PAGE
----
Friday, January 22, 2010

Freakanomics Can Put a Price Tag on Anything -- Even My Emotional Connection to the Vikings

Well, I guess an economist can put a monetary price tage on anything ... or at least they think they can.

This weekend, my Minnesota Vikings are, at long last, again in the NFC Championship playing for the Super Bowl. Is this our year? I think it is (we have Favre, the Ageless Wonder, after all, who gives hope to all of us digital media veterans). Does this have anything to do with digital media? Of course not. But, this is a huge weekend for me so indulge me.

Back to economists and the monetary value of my emotional connection to the Vikings. Freakonomics recently concluded that the Vikes are "worth" about $531 annually to each Minnesotan (that means me).

$531? Are you kidding me? I have watched every single game this year -- and have usually forced my family to watch them too. I have purchased jerseys and flags. I even went to paint-your-own pottery place "Color Me Mine" with my kids and painted myself a Vikings helmet!

Is that $531?

Or, is that priceless?

Well, it all depends on whether they win this weekend and go to "the Show."

YouTube Opens Up Pandora's Box -- New Online Music Service, PLUS Videos

YouTube just quietly launched a major shot across the bow to Pandora and other online radio services -- it is called YouTube Music Discovery and, for now, it is buried on YouTube's "TestTube" section of its site (which is YouTube's equivalent to Google Labs). Just like Pandora, YouTube Music Discovery (YMD) enables you to pick an artist -- press the "Disco!" button -- and automatically generate a play-list featuring your selected artist and other "similar" artists via its music discovery engine.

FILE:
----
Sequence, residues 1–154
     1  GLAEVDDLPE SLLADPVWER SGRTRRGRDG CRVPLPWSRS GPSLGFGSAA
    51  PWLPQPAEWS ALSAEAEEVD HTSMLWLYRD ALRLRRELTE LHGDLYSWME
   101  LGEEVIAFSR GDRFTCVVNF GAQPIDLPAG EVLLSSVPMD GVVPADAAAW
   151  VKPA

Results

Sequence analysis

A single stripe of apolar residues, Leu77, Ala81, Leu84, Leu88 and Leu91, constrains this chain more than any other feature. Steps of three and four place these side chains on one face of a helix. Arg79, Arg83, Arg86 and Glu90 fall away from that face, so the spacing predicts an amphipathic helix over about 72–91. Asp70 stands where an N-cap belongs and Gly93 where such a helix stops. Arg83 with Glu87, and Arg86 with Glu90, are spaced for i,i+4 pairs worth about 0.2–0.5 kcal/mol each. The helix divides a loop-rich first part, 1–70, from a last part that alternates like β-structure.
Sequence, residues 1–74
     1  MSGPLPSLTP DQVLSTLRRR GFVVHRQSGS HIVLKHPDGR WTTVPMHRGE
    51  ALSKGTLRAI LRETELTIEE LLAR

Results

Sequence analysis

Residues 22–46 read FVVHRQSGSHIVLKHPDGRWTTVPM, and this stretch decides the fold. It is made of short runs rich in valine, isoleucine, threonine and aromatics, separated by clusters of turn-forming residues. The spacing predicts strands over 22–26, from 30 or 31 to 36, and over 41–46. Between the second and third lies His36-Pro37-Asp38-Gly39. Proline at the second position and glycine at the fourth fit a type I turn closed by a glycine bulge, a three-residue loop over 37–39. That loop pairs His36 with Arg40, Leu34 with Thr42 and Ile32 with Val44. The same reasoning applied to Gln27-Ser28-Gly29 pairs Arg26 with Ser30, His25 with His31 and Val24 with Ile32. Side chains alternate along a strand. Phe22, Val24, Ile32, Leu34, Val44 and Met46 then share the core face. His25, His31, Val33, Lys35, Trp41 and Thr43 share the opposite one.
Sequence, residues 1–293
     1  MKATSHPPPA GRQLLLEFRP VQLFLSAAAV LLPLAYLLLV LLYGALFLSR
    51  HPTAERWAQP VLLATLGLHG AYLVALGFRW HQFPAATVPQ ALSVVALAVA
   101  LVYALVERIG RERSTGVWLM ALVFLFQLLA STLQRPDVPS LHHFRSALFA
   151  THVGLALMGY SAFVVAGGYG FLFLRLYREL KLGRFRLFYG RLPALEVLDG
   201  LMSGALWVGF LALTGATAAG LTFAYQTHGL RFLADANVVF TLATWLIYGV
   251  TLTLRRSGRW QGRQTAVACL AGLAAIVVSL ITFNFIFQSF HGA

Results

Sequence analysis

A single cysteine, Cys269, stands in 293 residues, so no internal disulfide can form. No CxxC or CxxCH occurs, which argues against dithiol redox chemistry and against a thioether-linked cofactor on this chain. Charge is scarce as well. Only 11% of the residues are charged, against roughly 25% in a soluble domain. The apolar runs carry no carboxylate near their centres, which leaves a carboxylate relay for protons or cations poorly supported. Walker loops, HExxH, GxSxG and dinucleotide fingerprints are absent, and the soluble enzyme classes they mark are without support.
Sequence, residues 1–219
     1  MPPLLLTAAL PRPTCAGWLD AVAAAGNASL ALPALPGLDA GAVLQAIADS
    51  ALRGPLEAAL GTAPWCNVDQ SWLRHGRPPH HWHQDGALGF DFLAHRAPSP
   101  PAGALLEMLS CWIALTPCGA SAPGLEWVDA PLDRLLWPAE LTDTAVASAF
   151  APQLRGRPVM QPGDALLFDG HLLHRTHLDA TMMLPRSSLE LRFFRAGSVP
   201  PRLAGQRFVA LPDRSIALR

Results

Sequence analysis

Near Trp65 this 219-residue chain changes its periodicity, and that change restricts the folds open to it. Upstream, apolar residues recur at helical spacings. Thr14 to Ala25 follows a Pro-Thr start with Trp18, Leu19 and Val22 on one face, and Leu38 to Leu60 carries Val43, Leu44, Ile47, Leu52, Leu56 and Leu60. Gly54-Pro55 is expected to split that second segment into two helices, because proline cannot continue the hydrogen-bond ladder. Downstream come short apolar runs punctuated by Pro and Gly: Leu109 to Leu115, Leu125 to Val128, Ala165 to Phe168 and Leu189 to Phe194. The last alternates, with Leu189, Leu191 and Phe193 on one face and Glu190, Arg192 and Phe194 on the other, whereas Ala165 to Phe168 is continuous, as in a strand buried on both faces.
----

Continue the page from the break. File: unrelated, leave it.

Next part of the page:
But, here's the cool thing -- YMD does not just generate a playlist of songs -- it generates a playlist of music videos (so that you can both watch and listen if you so choose). So, YMD really features a media discovery engine. And, YouTube's partnership with new online music video service Vevo makes this possible (at least for some of the served up videos, since the Vevo logo is prominently displayed in the lower right-hand side of the video).

YMD is free, of course. But, just like Pandora's free service, YMD serves up advertising. When I selected Coldplay and pressed the "Disco!" button, my generated playlist included 3 Coldplay videos in the first 5 videos on the playlist, and I saw my first 15 second ad after those 5 videos.

Should Pandora and other similar online music services be worried?

Absolutely. YouTube's new YMD service is now buried. But, you can bet this won't be for long. And, when YouTube talks, people listen ...